Stars in the Sky
By Shanuka Kadupitiyage
Ceylon Today Features
If you’re reading this during the day, why not take a few minutes to step outside. Feel the warmth from the sun as its rays bounce against you.
Imagine how different life would be if it weren’t for the sun that provides all the energy needed to make this Earth the planet full of life that it is.
You might already know that our Sun is a star. While it may seem rather warm from our homes here in Sri Lanka, the Sun is in fact, a gigantic flaming ball of fire burning brightly as we hurtle through space.
When comparing our Sun and the planets of our Solar System, the difference in size is very obvious.
But did you know that stars come in all different sizes and even colours? Also, have you ever thought of what happens to a star when it dies? That ball of fire is going to burn out one day in the future.
There are billions of stars out there, scattered throughout the universe. Thanks to technology and modern science, scientists have been able to see closer into these stars and study them the best way we can right now. So far, we’ve found some interesting facts about stars.
Clean source of power
Each star uses a process called nuclear fusion in order to generate its heat and energy. Our sun’s nuclear fusion is powerful enough to provide energy to basically the entire solar system, in different levels depending how close each planet is to it.
In fact, it won’t be wrong when you say that stars are the generators of the universe, providing energy to everything around it.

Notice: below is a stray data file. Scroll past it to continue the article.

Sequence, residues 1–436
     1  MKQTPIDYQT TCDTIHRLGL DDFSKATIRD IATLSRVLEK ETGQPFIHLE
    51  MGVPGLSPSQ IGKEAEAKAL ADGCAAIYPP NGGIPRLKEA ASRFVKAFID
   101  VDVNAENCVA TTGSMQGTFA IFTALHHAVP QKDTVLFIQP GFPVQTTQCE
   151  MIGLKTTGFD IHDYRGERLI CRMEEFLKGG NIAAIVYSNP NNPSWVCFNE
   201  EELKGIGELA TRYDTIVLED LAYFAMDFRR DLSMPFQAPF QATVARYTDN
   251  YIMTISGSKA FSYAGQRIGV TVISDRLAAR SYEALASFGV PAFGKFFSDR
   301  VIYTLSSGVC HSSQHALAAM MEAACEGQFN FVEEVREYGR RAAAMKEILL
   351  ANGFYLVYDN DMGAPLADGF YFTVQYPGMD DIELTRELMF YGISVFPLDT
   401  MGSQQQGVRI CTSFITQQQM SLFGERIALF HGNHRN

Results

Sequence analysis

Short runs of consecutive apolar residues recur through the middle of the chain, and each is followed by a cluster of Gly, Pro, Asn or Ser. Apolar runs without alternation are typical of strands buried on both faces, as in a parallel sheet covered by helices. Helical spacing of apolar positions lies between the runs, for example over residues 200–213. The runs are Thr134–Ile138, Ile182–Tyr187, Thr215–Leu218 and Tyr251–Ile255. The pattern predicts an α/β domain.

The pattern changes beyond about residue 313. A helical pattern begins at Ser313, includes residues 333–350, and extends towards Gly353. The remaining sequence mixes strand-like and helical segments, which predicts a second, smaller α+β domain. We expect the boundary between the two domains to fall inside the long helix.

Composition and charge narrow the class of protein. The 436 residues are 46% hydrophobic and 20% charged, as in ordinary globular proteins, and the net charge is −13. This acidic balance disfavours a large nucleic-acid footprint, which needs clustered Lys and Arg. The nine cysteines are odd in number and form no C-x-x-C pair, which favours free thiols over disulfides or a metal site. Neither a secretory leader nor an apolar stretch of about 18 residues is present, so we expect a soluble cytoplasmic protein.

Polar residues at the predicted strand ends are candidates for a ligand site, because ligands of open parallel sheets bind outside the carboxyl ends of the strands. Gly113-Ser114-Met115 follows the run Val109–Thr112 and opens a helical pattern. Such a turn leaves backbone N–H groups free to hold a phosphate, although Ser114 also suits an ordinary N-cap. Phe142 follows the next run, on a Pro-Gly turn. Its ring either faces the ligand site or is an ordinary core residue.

In fact, scientists are trying to recreate the nuclear fusion of suns here on Earth. While we are still discovering how to make artificial suns of our own, experts are sure that fusion energy will become the energy of the future.
Factories of the universe
Because of nuclear fusion, stars also have the ability to create many elements that are essential building blocks for everything around us. In fact, you could say that most of the elements that were used to create your physical body was once formed inside the core of a star
Different colours and sizes
While gigantic it may be, the sun is not the largest star out there. In fact, our Sun is barely average in size when compared to the other stars that scientists have discovered. Scientists have found many stars that are easily many times bigger than our Sun. The biggest of stars are called supergiant stars, which burn a bright blue and die out in massive explosions called supernovas, scattering matter into the universe.
On the other side, there are the stars that burn the coldest, which appear red. One of such red stars is proxima centauri, where scientists have found a planet very similar to Earth.
Our Sun is right in the middle of the two types of stars, burning a yellow-orange. Of course there are other types of stars such as white dwarves and neutron stars, however, you’ll have to search about them with your parents or siblings to find out more.
That’s because there’s a lot more to know about stars and how they play an important role in the universe around us.